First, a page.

Ready for a new portion of amazing charts and maps for inspiration? We’ve got it for you right here! Join us today on DataViz Weekly as we look at four new visualizations that definitely deserve your attention.
- Greenhouse gas emission pathways and climate goals — The New York Times
- U.S. drought extent patterns by region since 2000 — Scientific American
- Cancer-causing industrial air pollution across the United States — ProPublica
- European natural gas pipeline infrastructure — The Financial Times
Data Visualization Weekly: October 29, 2021 — November 5, 2021
Greenhouse Gas Emission Pathways and Climate Goals
After the Paris agreement on climate change, the world has actually managed to make progress on global warming thanks to substantial clean energy efforts. However, it appears to be not nearly enough and there is still really much to do. Moreover, experts say it is critical to bend the emissions curve in a far more drastic manner and take accelerated action immediately.
For all who want to understand where we are and should be, there is a great recent piece on The New York Times providing a view of the possible pathways. The story begins with a scrollytelling part where the Climate Action Tracker’s estimates of global greenhouse gas emissions are represented in a time-series visualization. More precisely, the chart shows historical figures, since 1990, and then four possible trajectories through the end of the century: pre-Paris (on track for about 4 degrees Celsius of warming by 2100), current (nearly 3°C), pledged (2.1 to 2.4°C), and nowadays seen by scientists as required (1.5°C).
Take a closer look at the pathways together with Brad Plumer and Nadia Popovich.
U.S. Drought Extent Patterns by Region Since 2000
Georgios Karamanis and Cédric Scherer showed the extent of drought conditions by region over time visualizing data from the U.S. Drought Monitor in a set of percent stacked bar charts. The graphs are organized into a table-like structure, with each column representing a region and each row representing a year.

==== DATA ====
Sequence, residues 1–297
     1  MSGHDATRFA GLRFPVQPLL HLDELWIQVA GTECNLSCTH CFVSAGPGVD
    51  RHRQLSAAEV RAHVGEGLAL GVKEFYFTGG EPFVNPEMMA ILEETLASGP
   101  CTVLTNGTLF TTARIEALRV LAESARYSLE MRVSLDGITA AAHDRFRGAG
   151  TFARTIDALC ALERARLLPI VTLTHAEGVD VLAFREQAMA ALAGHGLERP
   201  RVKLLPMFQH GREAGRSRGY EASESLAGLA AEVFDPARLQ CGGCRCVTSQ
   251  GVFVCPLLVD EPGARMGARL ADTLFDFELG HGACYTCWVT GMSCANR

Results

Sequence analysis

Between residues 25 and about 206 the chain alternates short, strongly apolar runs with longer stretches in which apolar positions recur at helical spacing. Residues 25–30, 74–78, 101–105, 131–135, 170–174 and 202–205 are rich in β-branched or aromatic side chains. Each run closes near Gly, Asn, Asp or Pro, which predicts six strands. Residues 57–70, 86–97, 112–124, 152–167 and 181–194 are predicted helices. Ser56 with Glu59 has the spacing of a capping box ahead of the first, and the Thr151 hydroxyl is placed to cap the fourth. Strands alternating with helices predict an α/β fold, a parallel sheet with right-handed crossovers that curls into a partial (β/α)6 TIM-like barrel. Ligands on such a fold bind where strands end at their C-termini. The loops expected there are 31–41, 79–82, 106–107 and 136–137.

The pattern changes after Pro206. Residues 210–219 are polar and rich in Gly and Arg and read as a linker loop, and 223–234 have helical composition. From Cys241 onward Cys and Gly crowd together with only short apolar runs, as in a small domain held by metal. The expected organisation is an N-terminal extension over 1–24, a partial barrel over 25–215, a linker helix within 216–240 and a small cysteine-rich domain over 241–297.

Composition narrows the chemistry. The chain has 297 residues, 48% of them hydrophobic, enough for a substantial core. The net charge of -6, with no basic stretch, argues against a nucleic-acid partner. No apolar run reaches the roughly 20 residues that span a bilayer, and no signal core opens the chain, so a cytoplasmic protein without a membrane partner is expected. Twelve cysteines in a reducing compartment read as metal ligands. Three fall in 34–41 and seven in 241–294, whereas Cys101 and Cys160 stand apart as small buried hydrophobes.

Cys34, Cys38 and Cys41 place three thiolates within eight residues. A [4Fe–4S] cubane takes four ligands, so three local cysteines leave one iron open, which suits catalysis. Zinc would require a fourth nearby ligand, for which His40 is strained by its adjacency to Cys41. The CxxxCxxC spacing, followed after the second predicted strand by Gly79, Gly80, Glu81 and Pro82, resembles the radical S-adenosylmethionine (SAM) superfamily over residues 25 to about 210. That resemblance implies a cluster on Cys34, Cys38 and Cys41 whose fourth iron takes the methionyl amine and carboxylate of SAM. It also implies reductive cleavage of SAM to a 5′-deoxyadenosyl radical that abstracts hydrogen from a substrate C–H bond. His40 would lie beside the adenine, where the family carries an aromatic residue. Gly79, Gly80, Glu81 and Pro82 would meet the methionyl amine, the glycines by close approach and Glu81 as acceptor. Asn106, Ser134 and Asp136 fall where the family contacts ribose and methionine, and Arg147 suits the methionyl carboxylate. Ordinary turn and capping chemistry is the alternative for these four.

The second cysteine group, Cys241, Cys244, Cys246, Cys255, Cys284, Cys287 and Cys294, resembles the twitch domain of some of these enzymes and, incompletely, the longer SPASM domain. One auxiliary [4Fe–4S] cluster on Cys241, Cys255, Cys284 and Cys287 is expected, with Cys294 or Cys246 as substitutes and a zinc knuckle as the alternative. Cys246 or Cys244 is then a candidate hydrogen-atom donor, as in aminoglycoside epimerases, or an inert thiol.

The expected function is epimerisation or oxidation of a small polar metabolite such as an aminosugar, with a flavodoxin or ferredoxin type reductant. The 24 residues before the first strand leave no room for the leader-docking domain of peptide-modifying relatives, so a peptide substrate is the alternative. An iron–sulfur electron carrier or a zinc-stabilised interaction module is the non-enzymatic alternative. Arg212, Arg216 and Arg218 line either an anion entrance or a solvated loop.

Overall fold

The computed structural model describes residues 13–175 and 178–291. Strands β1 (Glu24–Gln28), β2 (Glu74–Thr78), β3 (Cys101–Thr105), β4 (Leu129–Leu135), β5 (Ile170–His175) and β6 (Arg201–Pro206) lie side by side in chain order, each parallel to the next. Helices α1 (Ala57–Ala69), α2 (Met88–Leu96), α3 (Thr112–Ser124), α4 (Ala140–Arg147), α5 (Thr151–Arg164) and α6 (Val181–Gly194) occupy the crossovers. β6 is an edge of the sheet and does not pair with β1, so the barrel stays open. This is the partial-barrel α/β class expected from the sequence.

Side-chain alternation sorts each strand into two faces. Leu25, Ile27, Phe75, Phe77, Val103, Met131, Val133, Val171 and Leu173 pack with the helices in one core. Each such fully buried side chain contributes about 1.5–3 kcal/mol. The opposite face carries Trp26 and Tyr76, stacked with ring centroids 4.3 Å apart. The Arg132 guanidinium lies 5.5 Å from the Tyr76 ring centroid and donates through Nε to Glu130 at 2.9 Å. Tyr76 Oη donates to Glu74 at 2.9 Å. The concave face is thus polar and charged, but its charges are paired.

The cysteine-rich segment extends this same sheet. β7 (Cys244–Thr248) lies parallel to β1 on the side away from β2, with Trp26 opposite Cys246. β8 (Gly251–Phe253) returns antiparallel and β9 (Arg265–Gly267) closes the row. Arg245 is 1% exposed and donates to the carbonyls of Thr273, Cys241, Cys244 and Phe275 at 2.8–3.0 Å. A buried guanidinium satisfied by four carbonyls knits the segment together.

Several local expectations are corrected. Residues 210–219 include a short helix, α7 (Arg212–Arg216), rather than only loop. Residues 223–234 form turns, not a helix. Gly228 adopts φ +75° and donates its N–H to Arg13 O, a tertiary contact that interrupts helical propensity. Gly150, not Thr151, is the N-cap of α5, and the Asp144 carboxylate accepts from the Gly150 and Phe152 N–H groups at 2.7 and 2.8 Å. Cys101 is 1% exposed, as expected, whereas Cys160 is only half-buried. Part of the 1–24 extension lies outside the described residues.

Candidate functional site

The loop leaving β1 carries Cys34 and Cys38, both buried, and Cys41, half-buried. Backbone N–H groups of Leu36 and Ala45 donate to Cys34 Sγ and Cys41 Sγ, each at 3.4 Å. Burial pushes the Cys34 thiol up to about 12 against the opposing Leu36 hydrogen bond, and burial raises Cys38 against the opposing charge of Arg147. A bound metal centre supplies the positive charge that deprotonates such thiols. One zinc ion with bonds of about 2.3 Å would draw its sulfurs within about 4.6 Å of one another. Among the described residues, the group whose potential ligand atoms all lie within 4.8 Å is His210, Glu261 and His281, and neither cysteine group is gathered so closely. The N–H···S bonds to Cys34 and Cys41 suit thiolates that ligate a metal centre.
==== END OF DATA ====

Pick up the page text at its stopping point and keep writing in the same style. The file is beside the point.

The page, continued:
Above, you can see a small part of their charts just as a sample. Head over to Scientific American to look at all of them and enjoy a quick visual analysis of historical patterns of droughts in the U.S. over the last two decades.
Cancer-Causing Industrial Air Pollution Across U.S.
On Tuesday, ProPublica made public the findings of its recent analysis, revealing that hazardous air blooms around industrial facilities leave an overwhelming number of Americans exposed to higher cancer risk levels considered unacceptable by the U.S. Environmental Protection Agency (EPA). In total, nearly a quarter million people appear to be living in such extremely toxic areas across the country.
Within the framework of the research, ProPublica mapped the spread of cancer-causing industrial emissions at the neighborhood level using official data from the EPA. Feel free to explore the hot spots all over the United States (one of them, Cancer Alley, is shown in the picture above) and check if you or your friends or relatives live in or near a dangerous site. You are also welcome to read this article for more information.
European Natural Gas Pipeline Infrastructure
The Financial Times decided to dig into the roots of the problem and look at how Europe actually gets its gas. In a cool visual story published just yesterday, it maps out Europe’s sprawling network of gas pipelines for a clear explanation.
Many analysts are reported to blame low supplies from Russia, considering this a major reason for the crisis. There are also likely to be other factors, however. Check out the map-based story and keep reading for some other interesting visualizations, including an interactive Sankey diagram showing the largest importers and exporters of liquefied natural gas (LNG).
We hope you liked these cool visualizations. Stay tuned for more — Data Visualization Weekly is out every Friday!
Have a wonderful time!